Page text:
Over a year since the first case of the SARS-CoV-2 pandemic, fast advances in vaccine development have given the world a fighting chance against the coronavirus. SARS-CoV-2 vaccines have become leading instruments against severe health effects associated with COVID-19 disease.
SARS-CoV-2 vaccines reduce severe disease and improve survival of infected patients. Their impact has been seen in developed countries where mass vaccination has been most efficient. In developing regions, such as many African countries, SARS-CoV-2 vaccination campaigns have been relatively slow.
The impact of COVID-19 has differed among developing African countries. In some, SARS-CoV-2 infections have been relatively low. Others have reported high numbers. Vaccine coverage of the continent is still low as countries await adequate supplies.
But there is an added worry: the effectiveness of vaccines in developing countries, particularly those with very high levels of chronic parasitic infections. These are a major cause of morbidity and mortality and are prominent among the so-called neglected tropical diseases.
One of these is schistosomiasis, also known as bilharzia. Symptoms of it present as a sudden onset of fever, dry cough, diarrhoea and abdominal pain. About 90% of the people requiring treatment for this debilitating parasite are sub-Saharan Africans.
Research – on both animal models and human studies – suggests that chronic schistosomiasis infection can result in decreased vaccine efficacy.
In a recent paper, we reviewed evidence on the influence of infection with the parasitic worms causing schistosomiasis on host immune responses to vaccines. The vaccines we focused on were to prevent measles, hepatitis B, tetanus and tuberculosis.
Measles and hepatitis B vaccines were less effective in people who have schistosomiasis.
We also evaluated the potential of using medication designed to treat parasitic worm infections in restoring vaccine responses affected by schistosomiasis. We found that it can improve vaccination effectiveness.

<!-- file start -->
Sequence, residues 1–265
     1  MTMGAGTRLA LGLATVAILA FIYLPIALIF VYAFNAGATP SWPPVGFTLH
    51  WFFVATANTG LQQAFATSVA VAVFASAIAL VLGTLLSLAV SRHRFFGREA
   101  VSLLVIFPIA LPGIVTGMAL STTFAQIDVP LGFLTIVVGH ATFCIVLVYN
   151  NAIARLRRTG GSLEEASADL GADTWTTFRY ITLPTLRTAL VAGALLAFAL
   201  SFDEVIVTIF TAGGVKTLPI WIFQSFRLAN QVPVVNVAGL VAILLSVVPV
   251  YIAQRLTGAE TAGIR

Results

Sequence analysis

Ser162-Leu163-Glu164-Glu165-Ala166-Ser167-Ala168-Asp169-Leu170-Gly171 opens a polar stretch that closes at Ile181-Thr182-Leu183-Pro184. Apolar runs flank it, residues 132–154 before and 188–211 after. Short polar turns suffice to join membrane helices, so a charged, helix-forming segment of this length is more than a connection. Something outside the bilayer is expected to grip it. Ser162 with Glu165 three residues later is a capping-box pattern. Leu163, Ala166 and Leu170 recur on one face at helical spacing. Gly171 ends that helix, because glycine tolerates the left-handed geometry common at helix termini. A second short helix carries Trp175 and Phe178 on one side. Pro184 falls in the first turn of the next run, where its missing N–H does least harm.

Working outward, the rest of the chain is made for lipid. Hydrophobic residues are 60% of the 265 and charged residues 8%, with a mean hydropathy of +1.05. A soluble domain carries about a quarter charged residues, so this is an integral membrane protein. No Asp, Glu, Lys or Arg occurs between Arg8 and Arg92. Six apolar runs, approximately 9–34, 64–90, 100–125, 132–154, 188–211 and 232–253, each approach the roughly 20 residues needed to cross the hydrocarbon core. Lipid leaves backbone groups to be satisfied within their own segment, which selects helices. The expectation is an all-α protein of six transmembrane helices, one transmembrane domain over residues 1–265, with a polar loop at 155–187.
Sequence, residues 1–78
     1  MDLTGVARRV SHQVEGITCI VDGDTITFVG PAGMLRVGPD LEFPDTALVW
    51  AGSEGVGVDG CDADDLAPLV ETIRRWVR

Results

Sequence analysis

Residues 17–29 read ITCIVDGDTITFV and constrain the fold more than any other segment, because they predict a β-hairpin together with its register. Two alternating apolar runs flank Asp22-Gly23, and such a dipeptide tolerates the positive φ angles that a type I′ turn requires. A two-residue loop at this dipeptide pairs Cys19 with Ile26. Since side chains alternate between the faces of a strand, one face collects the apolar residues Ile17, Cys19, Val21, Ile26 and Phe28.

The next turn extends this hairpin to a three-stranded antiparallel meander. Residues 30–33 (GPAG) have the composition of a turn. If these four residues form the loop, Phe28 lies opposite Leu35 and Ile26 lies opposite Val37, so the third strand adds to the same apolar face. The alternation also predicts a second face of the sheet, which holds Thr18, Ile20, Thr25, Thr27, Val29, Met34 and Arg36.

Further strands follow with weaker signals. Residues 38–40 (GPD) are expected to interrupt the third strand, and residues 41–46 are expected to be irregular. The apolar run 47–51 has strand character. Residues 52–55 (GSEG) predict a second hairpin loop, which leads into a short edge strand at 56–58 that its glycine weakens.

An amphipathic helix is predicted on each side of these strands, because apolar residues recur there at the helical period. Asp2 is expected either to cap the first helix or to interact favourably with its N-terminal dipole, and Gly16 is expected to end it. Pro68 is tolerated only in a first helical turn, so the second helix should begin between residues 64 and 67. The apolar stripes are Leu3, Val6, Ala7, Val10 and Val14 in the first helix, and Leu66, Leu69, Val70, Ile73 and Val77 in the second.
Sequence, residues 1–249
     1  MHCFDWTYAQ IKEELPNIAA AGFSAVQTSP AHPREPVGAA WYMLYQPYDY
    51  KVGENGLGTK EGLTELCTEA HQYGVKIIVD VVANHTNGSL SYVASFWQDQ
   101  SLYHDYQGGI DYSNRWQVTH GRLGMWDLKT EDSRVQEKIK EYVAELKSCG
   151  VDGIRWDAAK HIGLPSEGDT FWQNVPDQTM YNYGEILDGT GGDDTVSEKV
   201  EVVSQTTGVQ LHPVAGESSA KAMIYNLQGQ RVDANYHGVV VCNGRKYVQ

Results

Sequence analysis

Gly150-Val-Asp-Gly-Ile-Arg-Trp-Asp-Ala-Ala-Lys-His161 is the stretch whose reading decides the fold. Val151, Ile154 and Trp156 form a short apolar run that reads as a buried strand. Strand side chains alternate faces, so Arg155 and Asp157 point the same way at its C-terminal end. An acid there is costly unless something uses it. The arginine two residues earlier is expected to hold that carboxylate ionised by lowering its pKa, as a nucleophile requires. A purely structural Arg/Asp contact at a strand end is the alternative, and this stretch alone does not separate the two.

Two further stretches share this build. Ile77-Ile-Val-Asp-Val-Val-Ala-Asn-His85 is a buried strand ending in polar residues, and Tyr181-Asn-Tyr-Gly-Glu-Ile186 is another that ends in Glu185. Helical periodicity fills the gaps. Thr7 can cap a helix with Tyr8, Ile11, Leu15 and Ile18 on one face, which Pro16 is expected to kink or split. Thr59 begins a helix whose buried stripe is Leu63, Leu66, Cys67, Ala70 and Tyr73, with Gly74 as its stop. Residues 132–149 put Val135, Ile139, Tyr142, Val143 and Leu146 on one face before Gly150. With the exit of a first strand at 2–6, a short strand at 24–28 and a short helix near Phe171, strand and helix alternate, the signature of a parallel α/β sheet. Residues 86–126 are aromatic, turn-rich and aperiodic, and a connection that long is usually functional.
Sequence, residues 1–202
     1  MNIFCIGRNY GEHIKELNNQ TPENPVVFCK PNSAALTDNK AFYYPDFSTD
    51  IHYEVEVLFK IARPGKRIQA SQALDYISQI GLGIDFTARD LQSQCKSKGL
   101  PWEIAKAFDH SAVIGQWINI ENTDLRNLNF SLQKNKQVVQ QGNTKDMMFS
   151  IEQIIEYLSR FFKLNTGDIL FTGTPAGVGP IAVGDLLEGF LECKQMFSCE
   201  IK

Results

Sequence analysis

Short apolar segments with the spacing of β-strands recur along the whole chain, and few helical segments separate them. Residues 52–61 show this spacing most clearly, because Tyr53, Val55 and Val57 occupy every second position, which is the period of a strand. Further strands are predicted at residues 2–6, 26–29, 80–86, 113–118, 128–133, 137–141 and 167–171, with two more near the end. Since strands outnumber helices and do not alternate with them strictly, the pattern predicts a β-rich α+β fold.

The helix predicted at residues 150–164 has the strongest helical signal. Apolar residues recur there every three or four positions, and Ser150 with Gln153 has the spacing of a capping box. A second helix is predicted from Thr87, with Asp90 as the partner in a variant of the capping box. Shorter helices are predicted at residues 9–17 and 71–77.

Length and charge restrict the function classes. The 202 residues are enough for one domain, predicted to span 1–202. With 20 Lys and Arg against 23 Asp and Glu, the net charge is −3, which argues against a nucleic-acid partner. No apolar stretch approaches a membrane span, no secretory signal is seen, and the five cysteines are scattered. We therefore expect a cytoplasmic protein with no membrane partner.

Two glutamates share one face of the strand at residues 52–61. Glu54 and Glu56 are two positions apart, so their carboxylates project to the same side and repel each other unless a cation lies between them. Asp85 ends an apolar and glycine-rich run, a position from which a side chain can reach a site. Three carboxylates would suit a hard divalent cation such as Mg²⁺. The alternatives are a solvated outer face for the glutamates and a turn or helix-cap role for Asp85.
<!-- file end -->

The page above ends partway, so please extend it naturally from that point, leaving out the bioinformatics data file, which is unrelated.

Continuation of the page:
Treatment for schistosomiasis should be considered an important part of SARS-CoV-2 vaccination campaigns where the parasite is commonly found.
Impact of schistosomiasis on vaccination
Schistosomiasis is a neglected tropical disease that affects more than 236 million people. Most live in Africa.
No direct evidence is available yet on whether SARS-CoV-2 vaccines can be affected by schistosomiasis. But evidence shows that for viruses such as hepatitis B and measles, the parasite reduces the level of protection given by their specific vaccines. For example, if a person is infected by the schistosome parasite some time after being vaccinated, they might rapidly lose the immunity provided by the vaccination.
In addition, schistosomiasis commonly causes enlarged liver and spleen, known as hepatosplenomegaly. This condition is associated with weakened immune responses to vaccines in endemic areas.
The efficacy of SARS-CoV-2 virus vaccines might be affected too. If they were, the regions mostly likely to bear the impact would be in sub-Saharan Africa where schistosomiasis is endemic.
Our findings call for prompt evaluation of the potential impact of parasitic infections, such as schistosomiasis, on the efficacy of SARS-CoV-2 vaccines.
The World Health Organisation has endorsed only one drug, praziquantel, to treat and control schistosomiasis disease. In African regions where the disease is endemic, praziquantel is often given annually to vulnerable populations.
Studies have shown that praziquantel either has no effect on viral vaccine immunity or improves immunity by clearing worms from people with schistosomiasis.
Praziquantel treatment is safe and generally accessible.
Based on our findings we believe there’s a case to be made for offering the treatment along with mass SARS-CoV-2 vaccination campaigns where schistosomiasis is endemic.
The other intervention that’s needed is that current disruptions of mass praziquantel administration should be addressed.
Disruptions were understandable in the early stages of the pandemic. But it’s now critical to maintain past successes against the parasite. And it could be vital to the success of vaccination against the SARS-CoV-2 virus.
Justin Komguep Nono, Research Officer, Institute of Medical Research and Medicinal Plant Studies (Cameroon) and Research fellow, University of Cape Town and Fungai Musaigwa, PhD candidate, University of Cape Town
This article is republished from The Conversation under a Creative Commons license.